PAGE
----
“The arc of the moral universe is long, but it bends towards justice.”
-Dr. Martin Luther King
An aphorism brought to light by Dr. Martin Luther King in 1958, the concept of a moral arc has per- haps earned its position as one of our strongest principles during the John Lewis Fellowship of 2018, and rightfully so. It has been a constant reminder that justice and injustice are the two opposing forces of this world since the beginning of time but is also entwined with the prosperous message of fairness, of the inclination of our human nature towards justice, even when times may tell otherwise.
As we will now look back, we will refresh in our memories all the spine-shivering information we have acquired and the boldness of our emotions as we took in the said information.
The JLF 2018 has come to an end and so marks the beginning of a new cycle for the Fellows of this program. It is a cycle of healing, prosperity, and reflection. As we will now look back, we will refresh in our memories all the spine-shivering information we have acquired and the boldness of our emotions as we took in the said information. Every day has been a lesson, Atlanta being the kind and interactive classroom that facilitated us and its people our professors.
We embarked on our journey with an introducing dinner at the historic Paschal’s restaurant, which was a meeting place for key civil rights organizers, including Dr. Martin Luther King. The aura of the room, the significance, the background, it all empowered everyone and made us realize swiftly, we are responsible to continue bending the arc towards justice, or else the wicked would have their time in the sun instead.
With our hearts pulsing along to the rhythm of activism’s drum, we dived into our journey, guided by Dr. Tanya Washington and the staff members.
With our hearts pulsing along to the rhythm of activism’s drum, we dived into our journey, guided by Dr. Tanya Washington and the staff members. During our four weeks in the city of Atlanta, we had the privilege of visiting historic places that signified the future of the city, the country and the world (Paschal’s restaurant, the neighborhood of MLK, Ebenezer Church, Montgomery Museum and Memorial, and more), taking in the energy of these sites and walking through the past with the company of the dead; we came in contact with powerful speakers, whose voices have impacted the world as we knew and as we know it, such as Dr. Roslyn Pope (author of An Appeal for Human Rights), Dr. Carole Anderson, professor Ward Churchill, Judge Renata Turner. A mutual exchange of views, perspectives, experiences, knowledge between speakers and Fellows helped us shape and hone our very own spirits and takes on the world, deepening our understanding, challenging our beliefs, coming into conclusions and settling uncertainties. Most importantly, we had the opportunity to practice what we preach through the numerous workshops involved, enrolling citizens to vote in cooperation with the New Georgia Project, exploring Atlanta’s people and streets through photography with Joshua McFadden, roleplaying council meetings to counter the issue of homelessness with Deborah Scott and attending service at the Ebenezer Church.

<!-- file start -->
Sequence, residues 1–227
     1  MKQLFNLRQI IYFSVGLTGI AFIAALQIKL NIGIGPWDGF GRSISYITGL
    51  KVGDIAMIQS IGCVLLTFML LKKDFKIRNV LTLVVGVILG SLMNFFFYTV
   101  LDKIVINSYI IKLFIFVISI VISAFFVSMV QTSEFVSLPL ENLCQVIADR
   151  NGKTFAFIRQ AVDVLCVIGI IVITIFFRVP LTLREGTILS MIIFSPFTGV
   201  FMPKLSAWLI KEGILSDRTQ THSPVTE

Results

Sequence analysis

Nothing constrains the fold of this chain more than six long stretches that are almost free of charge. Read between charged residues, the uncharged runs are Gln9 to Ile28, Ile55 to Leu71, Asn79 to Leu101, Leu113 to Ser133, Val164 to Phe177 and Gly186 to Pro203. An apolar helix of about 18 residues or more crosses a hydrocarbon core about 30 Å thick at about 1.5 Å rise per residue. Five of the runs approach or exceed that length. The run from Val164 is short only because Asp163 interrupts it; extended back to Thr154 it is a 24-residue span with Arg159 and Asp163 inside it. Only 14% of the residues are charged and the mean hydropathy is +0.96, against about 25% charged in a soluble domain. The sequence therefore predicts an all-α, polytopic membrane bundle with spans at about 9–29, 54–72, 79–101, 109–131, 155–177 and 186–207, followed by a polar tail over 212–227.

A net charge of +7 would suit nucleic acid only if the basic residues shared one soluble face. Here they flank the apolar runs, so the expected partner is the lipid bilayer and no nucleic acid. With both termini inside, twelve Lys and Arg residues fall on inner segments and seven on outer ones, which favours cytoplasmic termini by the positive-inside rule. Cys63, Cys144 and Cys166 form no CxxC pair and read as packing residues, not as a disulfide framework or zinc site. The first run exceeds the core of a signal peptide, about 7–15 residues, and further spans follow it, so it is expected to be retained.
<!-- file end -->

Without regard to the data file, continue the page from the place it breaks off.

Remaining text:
The very essence of democracy is found in its need to host infinite of different voices.
The catalyst of our ride and our growth, however, was no one other that the Fellows themselves. Much like a sponge that absorbs water, we initially took in all that came our way from our guest speakers, proceeded to break it down and decode it, assimilate it, then finally add it to our moral compasses. The final stage was to discuss and express opinions over the pressuring matters, the lectures we attended, the ways in which we felt changed or enlightened or frustrated or bewildered or heartbroken or inspired. One thing left to take back home is the different ways every word and every action was perceived by 26 people, the intriguing process of filtering reality and observing the effect it has on us, the vessels of these small, mental treasures. After all, the very essence of democracy is found in its need to host infinite of different voices.
The JLF’s clearest impact can be traced in the changes it has brought to the individual mentalities, the work ethic, the thinking process. In both subtle and not so subtle ways, it has underlined the cultural differences between Europe and America, but also between countries and states. As a result, it was brought to the spotlight the fact the world is so much more beyond the visions of our own, secluded communities. Communication and human interactions, courses of actions, customs, laws; it was necessary for one to digest the spirit of JLF to first sincerely understand our different traits and backgrounds, to broaden our horizons, think twice before speaking, consider new values and ideologies, get accustomed with unfamiliar, in many cases, behaviors. It was not simply our own relationships that were altered, as our professional aspects have been improvised to walk the same path as social justice, with a clearer understanding of world affairs than before. In my own specific case, the case of a journalist and a media communicator, I have banished the subconscious illusion that all humans act in the traditional notions I meet in my own country, helping to make my writing more critical, accurate and representative, whilst spotting biases and prejudices.